A stroke can rob people of many physical and mental abilities. Depending upon the extent of the brain damage caused by the stroke, people may have trouble walking, speaking or engaging in daily activities like cooking, washing dishes and/or driving. Rehabilitation is possible and the extent of its success is highly individual. However, one thing is true for everyone: physical and mental exercise can improve stroke care
, increasing the brain’s ability to respond to various signals from the body.
Remember that recovery is a lifelong process. Support groups are important to your loved one as he or she takes on a life of rehabilitation. Talking to others and sharing experiences will bolster your loved one’s courage and help to avoid feelings of isolation. Stroke survivors are resilient and communicating with each other is a key part of recovery. Your loved one may be angry, anxious or depressed after suffering a stroke. Fellow survivors can help your loved one to walk through those stages of recovery.
Although it is never a good idea to generalize on what recovery can be achieved by any one individual, the National Stroke Association
reports the following statistics on stroke recovery:
- 10% of stroke survivors recover almost completely.
- 25% recover with minor impairments.
- 40% experience moderate to severe impairments requiring special care.
- 10% require care in a nursing home or other long-term care facility./li>
- 15% die shortly after the stroke.
You can help your loved one to regain skills after a stroke in the following ways:
Arm, finger and leg exercises can help to regain movement, especially those needed to drive. Your rehabilitation center, physical therapist and/or occupational therapist probably practiced these exercises with your loved one while in rehab. It is important to continue these exercises regularly at home and to be patient. Your loved one is bound to get discouraged. Remind him or her of the goals that have been set and provide encouragement to continue with the exercises.
If the stroke affected your loved one’s speech, he or she will continue to work with a speech and language therapist. You can support this work at home by continuing the exercises. If speech has been significantly interrupted, you will need to find new ways to communicate. Some words may be easy for your loved one to say while others may be impossible for him or her to recall or articulate. Develop sign language and other cues so that you can communicate. You want to avoid a situation where your loved one feels distraught or discouraged because you cannot speak to one another.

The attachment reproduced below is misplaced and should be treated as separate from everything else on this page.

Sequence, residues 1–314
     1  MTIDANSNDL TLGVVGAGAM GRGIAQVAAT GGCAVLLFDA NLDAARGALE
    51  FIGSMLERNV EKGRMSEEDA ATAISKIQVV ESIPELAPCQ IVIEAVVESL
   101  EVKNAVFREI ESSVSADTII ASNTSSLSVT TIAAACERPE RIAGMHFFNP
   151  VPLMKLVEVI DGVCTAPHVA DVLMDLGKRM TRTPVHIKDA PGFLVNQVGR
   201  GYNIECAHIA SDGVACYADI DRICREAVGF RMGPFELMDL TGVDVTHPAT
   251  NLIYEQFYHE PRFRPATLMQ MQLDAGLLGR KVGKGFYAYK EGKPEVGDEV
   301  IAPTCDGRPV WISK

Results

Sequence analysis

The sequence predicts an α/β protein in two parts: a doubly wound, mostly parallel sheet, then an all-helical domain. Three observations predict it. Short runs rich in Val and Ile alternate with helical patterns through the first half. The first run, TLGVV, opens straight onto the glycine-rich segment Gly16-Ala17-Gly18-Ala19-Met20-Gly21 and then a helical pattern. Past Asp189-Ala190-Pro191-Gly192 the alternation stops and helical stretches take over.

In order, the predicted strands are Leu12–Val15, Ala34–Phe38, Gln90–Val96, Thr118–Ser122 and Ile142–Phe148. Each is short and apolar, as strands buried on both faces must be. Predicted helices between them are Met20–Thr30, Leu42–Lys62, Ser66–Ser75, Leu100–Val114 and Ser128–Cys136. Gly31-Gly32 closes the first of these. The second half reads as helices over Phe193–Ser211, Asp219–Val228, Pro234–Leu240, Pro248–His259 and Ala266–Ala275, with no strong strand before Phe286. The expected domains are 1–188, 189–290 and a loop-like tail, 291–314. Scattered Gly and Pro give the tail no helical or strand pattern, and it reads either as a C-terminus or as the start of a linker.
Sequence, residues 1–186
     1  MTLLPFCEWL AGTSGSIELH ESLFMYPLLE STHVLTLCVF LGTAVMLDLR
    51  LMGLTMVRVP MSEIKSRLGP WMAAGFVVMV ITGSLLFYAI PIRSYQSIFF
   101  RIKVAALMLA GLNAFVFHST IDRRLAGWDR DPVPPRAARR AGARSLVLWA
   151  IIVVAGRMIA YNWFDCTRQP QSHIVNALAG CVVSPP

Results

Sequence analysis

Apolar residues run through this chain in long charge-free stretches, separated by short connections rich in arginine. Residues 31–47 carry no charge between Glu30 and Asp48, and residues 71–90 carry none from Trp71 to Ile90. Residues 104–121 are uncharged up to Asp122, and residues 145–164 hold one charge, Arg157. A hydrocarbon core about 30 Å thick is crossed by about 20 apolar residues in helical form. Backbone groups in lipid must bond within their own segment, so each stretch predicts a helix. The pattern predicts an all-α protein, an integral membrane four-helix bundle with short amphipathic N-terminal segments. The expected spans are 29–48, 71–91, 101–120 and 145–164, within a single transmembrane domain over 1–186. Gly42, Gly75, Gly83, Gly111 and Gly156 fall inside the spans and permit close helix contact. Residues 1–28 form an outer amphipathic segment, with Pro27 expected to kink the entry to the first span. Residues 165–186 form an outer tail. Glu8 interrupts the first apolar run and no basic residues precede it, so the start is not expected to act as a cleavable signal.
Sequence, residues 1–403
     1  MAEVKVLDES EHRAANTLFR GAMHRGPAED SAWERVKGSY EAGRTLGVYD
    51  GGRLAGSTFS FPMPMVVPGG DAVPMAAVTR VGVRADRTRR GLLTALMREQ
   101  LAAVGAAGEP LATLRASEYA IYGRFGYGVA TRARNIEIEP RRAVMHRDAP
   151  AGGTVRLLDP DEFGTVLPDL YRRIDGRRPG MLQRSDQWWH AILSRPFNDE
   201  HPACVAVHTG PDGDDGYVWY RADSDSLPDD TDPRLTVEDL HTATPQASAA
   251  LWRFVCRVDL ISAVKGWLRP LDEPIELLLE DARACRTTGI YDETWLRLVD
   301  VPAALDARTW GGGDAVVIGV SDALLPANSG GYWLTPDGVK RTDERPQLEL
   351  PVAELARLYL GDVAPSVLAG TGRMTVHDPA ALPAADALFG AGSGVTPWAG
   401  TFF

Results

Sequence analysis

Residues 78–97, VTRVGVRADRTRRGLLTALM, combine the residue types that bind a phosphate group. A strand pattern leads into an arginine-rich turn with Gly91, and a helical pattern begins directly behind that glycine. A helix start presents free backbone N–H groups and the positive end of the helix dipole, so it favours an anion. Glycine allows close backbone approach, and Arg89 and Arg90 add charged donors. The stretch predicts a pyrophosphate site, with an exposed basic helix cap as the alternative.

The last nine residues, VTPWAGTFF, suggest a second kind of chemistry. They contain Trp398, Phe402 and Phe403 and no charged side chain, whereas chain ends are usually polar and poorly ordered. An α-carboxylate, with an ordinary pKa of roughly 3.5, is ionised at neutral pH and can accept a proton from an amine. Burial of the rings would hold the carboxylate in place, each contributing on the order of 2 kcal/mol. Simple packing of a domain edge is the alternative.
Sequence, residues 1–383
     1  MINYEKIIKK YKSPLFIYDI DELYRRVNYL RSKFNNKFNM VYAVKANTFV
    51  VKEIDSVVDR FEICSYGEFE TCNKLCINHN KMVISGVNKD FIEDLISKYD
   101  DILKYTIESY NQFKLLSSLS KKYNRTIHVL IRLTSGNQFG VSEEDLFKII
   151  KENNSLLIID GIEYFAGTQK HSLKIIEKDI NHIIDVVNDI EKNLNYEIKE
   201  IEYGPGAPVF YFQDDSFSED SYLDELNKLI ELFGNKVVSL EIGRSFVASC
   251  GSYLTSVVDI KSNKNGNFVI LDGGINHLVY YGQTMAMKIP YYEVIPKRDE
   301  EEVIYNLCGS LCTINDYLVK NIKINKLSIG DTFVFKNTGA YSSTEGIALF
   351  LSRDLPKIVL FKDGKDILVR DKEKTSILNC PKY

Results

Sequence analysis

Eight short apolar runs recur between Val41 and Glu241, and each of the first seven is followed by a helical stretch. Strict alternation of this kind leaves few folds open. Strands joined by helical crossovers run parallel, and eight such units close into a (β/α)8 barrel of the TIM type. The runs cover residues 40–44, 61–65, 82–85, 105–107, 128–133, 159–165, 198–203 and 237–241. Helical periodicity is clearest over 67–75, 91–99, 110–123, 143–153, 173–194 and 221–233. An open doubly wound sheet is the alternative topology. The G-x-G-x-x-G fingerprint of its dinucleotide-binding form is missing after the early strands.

A stroke may cause aphasia which is difficulty expressing oneself verbally, trouble understanding speech and/or difficulty with reading and writing. There are different types of aphasia that will require different therapies to regain speech:
- Expressive aphasia. You know what you want to say, but cannot find the words you need.
- Receptive aphasia. You hear someone talking or see the printed page but cannot make sense of the words.
- People with anomic or amnesia aphasia, the least severe form of aphasia, have difficulty in using the right names for objects, people, places, or events.
- Global aphasia is the most severe, caused by widespread damage to the language areas of the brain. Stroke survivors with global aphasia cannot speak or understand speech, nor can they read or write.
A stroke may affect memory, and some of that can be retrained. It is possible to improve memory loss over time. The most important reason to engage your loved one in mental exercises is to prevent another stroke. Some of the most effective exercises include:
Stroke home care and recovery
- Learn a new skill or hobby. Learn to knit, paint, or do yoga. Hobbies that exercise both the body and the mind are most beneficial for stroke survivors.
- Exercise: Believe it or not one of the most beneficial mental exercises is physical exercise. Something as simple as walking can increase the flow of blood and oxygen to the brain, improving memory and cognition.
is not an easy road but there is a lot of support available to you and your loved one. Rely on the therapists you met in rehab for ongoing support and call your loved one’s primary care physician if you need help.